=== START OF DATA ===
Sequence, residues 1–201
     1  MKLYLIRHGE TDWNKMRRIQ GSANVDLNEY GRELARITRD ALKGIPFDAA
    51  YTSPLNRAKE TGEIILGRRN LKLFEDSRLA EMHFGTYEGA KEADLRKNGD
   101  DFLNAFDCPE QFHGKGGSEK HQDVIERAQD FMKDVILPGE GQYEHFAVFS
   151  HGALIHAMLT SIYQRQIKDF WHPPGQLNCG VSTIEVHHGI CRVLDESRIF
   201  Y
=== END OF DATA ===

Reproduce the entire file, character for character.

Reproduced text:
Sequence, residues 1–201
     1  MKLYLIRHGE TDWNKMRRIQ GSANVDLNEY GRELARITRD ALKGIPFDAA
    51  YTSPLNRAKE TGEIILGRRN LKLFEDSRLA EMHFGTYEGA KEADLRKNGD
   101  DFLNAFDCPE QFHGKGGSEK HQDVIERAQD FMKDVILPGE GQYEHFAVFS
   151  HGALIHAMLT SIYQRQIKDF WHPPGQLNCG VSTIEVHHGI CRVLDESRIF
   201  Y